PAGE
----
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(Bloomberg) -- Alcoa Corp. gained the most in more than two years after reporting first-quarter earnings that beat analysts’ expectations, with aluminum prices surging and the company projecting further strength as economies reopen.
Shares in the biggest U.S. maker of the metal climbed as much as 9.7% to the highest since November 2018. The stock gained 8.4% to $35.59 at 3:44 p.m. in New York.
Alcoa was already on a roll before reporting earnings late Thursday, with shares jumping six-fold from a pandemic low last year. Aluminum demand is rising just as China, the largest producer of the metal, pushes to cut carbon emissions, spurring expectations the Asian nation will curb supply expansions. Alcoa told analysts Thursday it will continue to focus on paying down net debt with cash on hand, and that it expects to get within its target range this year.
“With pricing tailwinds continuing, we expect Alcoa’s results to improve further,” David Gagliano, an analyst at BMO Capital Markets, said in a note to clients. “Alcoa is rapidly approaching the high end of its net debt target range, in turn opening the door for possible shareholder returns later in 2021 in our view.”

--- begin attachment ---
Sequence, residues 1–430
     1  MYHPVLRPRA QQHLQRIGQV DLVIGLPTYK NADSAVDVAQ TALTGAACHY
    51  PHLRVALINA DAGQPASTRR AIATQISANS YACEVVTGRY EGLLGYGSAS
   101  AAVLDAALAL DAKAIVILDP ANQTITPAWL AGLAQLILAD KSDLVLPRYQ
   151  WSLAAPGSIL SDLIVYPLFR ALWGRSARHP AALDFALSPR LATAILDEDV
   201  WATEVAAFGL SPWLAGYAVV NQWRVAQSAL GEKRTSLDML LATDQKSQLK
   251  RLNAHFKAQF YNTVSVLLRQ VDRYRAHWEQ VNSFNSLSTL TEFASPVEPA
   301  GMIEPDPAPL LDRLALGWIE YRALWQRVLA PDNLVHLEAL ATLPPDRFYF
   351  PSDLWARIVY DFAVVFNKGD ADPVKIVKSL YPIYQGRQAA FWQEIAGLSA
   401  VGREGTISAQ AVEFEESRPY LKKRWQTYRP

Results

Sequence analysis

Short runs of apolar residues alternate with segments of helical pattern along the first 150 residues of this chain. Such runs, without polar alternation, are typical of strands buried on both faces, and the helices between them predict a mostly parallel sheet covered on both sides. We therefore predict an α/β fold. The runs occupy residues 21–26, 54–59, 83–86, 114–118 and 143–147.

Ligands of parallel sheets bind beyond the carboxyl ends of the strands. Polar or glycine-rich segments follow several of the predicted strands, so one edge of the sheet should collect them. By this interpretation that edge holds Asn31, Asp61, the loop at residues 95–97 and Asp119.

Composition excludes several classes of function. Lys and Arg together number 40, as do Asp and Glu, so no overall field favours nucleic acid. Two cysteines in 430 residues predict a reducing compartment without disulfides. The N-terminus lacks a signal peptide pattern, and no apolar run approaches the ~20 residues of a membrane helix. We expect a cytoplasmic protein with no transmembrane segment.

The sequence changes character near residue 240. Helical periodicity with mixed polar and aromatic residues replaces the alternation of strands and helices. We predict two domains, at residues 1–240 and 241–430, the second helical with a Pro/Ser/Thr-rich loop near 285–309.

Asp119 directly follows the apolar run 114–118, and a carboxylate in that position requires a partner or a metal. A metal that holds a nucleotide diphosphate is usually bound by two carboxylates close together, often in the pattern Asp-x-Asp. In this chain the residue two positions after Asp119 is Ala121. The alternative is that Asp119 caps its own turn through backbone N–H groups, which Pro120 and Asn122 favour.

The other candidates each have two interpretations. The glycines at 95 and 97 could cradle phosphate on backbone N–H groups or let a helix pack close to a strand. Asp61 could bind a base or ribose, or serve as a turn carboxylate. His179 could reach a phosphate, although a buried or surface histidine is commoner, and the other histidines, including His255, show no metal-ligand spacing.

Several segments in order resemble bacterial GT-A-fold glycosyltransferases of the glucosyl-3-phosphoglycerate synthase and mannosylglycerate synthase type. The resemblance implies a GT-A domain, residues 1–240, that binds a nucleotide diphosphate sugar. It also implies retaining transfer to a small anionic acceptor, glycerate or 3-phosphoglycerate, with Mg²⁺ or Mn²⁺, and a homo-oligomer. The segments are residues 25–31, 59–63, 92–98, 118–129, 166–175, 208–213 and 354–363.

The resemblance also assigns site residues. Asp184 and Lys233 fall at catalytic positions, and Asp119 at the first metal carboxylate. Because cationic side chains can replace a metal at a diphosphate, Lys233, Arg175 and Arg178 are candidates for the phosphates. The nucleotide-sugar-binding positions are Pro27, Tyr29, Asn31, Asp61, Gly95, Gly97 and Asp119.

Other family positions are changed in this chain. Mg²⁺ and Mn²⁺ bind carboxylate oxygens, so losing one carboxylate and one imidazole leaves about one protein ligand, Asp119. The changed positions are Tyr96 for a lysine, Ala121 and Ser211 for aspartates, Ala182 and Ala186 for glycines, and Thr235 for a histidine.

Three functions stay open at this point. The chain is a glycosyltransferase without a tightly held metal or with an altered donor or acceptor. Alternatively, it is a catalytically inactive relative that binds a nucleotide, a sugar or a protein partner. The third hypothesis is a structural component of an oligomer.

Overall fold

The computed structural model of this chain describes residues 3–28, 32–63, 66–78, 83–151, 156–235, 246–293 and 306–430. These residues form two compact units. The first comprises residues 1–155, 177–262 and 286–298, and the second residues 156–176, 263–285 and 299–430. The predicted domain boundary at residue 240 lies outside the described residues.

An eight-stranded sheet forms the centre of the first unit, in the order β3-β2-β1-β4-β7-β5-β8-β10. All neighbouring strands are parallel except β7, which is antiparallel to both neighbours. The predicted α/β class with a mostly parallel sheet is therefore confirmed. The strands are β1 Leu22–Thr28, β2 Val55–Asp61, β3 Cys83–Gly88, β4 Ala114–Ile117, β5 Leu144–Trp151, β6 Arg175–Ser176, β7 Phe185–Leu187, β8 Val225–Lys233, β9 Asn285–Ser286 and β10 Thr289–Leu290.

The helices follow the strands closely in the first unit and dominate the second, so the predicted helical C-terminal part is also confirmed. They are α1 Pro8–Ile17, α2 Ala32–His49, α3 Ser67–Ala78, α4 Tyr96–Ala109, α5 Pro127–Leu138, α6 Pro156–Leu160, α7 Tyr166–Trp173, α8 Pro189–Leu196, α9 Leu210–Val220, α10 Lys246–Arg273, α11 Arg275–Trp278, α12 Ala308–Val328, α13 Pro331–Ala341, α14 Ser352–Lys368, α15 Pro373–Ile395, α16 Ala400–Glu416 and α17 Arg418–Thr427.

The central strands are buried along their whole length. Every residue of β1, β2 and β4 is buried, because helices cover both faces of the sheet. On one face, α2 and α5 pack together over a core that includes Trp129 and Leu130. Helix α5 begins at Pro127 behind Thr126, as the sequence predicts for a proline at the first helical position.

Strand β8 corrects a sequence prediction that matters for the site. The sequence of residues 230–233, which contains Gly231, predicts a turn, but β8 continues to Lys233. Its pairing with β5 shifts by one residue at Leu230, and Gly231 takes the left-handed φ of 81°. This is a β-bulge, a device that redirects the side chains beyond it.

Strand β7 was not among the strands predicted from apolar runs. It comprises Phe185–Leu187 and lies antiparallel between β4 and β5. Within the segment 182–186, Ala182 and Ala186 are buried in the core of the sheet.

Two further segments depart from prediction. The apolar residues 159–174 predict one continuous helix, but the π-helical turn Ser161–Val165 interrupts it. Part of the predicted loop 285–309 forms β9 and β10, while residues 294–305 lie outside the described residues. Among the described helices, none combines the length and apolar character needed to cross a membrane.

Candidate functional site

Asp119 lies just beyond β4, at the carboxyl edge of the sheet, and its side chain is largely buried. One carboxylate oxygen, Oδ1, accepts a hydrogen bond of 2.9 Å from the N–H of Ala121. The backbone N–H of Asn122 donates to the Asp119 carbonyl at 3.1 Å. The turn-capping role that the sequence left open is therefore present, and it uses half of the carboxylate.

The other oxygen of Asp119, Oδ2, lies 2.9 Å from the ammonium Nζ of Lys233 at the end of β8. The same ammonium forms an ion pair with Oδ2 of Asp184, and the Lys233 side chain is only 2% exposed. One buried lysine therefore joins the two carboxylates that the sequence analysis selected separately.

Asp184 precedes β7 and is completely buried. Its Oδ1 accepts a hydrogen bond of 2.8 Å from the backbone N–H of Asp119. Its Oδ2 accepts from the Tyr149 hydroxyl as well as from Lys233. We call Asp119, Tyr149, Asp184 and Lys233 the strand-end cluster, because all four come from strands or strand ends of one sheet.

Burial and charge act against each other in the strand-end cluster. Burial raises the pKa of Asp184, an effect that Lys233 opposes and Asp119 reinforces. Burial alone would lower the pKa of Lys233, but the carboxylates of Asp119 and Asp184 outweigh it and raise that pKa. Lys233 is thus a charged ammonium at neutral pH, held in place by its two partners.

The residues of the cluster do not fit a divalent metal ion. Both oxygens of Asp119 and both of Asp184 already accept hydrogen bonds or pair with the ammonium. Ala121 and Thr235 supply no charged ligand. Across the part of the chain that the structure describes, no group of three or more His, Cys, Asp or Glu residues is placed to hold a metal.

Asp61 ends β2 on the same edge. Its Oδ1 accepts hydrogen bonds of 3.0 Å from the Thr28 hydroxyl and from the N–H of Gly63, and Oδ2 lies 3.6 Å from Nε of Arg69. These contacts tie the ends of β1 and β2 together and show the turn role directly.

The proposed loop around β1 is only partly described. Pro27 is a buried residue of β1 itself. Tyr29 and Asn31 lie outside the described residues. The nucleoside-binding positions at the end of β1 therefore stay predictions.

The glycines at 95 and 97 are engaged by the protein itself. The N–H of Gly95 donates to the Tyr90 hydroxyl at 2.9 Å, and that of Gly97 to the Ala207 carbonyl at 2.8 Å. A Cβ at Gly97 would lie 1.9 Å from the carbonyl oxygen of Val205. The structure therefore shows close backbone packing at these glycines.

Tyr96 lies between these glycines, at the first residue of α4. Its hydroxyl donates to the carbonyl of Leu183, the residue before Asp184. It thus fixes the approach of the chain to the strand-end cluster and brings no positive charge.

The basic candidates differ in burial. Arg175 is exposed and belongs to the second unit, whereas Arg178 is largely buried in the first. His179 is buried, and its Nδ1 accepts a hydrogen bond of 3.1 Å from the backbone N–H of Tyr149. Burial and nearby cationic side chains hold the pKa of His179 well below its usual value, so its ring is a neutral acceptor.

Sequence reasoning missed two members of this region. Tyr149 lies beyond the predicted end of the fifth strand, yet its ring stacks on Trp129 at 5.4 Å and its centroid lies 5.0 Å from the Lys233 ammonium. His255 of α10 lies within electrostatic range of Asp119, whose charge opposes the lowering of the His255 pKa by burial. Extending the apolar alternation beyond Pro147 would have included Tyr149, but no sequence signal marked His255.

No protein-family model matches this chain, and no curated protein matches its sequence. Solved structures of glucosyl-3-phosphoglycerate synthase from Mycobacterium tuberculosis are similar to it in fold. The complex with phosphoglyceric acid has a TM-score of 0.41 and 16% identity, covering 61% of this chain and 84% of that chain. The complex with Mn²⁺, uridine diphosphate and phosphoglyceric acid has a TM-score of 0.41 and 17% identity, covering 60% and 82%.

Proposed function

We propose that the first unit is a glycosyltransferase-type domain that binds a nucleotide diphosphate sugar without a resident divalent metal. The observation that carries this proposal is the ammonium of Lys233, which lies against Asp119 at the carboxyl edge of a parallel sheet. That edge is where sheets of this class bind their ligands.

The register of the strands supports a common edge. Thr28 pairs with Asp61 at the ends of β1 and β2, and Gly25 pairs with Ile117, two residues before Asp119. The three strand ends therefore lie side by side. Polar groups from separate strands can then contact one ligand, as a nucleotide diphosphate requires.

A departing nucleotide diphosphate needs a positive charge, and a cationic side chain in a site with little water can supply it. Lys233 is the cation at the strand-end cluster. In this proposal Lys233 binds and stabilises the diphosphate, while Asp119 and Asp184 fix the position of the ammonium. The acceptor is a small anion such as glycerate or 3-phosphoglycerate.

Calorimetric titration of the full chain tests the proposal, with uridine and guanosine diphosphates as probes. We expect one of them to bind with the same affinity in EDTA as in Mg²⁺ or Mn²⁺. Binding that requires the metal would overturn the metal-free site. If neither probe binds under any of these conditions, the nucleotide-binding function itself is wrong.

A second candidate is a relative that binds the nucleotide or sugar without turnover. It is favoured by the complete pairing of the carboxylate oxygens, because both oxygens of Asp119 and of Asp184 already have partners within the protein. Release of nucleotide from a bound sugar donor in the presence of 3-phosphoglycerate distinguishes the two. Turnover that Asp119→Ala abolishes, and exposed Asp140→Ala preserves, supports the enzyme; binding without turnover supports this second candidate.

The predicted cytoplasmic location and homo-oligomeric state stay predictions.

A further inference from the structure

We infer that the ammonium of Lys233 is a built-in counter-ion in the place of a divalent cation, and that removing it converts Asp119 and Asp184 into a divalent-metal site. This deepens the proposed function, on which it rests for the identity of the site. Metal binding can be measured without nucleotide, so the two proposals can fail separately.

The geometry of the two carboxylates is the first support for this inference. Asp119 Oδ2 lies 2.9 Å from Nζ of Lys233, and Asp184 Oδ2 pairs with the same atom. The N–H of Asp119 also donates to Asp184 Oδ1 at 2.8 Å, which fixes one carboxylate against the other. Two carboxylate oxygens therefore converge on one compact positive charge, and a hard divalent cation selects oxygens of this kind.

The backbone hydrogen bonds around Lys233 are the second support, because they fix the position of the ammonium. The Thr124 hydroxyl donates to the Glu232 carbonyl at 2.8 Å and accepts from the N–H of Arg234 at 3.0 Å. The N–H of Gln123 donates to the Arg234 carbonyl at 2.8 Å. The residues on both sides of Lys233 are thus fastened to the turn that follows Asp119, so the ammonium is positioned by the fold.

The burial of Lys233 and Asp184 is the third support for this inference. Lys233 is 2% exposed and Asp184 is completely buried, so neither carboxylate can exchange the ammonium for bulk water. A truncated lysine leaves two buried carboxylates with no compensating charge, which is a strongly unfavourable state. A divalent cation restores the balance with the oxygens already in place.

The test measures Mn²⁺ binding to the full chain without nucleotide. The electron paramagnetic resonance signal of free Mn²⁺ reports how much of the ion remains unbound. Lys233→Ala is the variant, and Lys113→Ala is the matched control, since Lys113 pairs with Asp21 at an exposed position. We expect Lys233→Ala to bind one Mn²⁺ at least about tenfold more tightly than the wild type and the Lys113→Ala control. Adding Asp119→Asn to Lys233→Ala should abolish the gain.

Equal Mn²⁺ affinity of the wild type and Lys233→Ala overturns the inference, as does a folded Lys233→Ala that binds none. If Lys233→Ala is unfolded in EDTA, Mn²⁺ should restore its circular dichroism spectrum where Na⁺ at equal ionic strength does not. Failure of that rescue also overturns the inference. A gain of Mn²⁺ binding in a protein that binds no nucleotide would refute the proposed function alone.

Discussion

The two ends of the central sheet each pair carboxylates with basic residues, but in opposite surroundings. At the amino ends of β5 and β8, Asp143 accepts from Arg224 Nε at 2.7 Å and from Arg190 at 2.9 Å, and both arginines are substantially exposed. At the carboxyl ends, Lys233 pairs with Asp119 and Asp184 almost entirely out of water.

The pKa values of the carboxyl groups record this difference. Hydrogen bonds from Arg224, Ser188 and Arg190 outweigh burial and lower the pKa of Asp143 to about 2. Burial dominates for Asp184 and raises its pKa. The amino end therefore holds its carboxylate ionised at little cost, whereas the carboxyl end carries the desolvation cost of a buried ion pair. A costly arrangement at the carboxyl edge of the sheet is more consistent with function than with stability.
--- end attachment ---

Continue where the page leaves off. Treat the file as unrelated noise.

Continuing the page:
The Pittsburgh-based company said in its earnings statement that it expects a strong 2021 based on continued economic recovery and increased demand for aluminum in all end markets. Alcoa Chief Executive Officer Roy Harvey said last month that China is taking meaningful steps to rein in production, calling it a “game-changer” for the industry after years of gluts.
Benchmark aluminum prices surged 25% from the end of September through March, marking the biggest gain over that period since 2006.
Alcoa reported earnings before interest, taxes, depreciation, and amortization of $521 million, topping the $450.8 million average of six analysts’ estimates compiled by Bloomberg and the highest since 2018. Sales rose to $2.87 billion, compared with the $2.62 billion analysts had forecast.
(Updates with share price movement and analyst comment)
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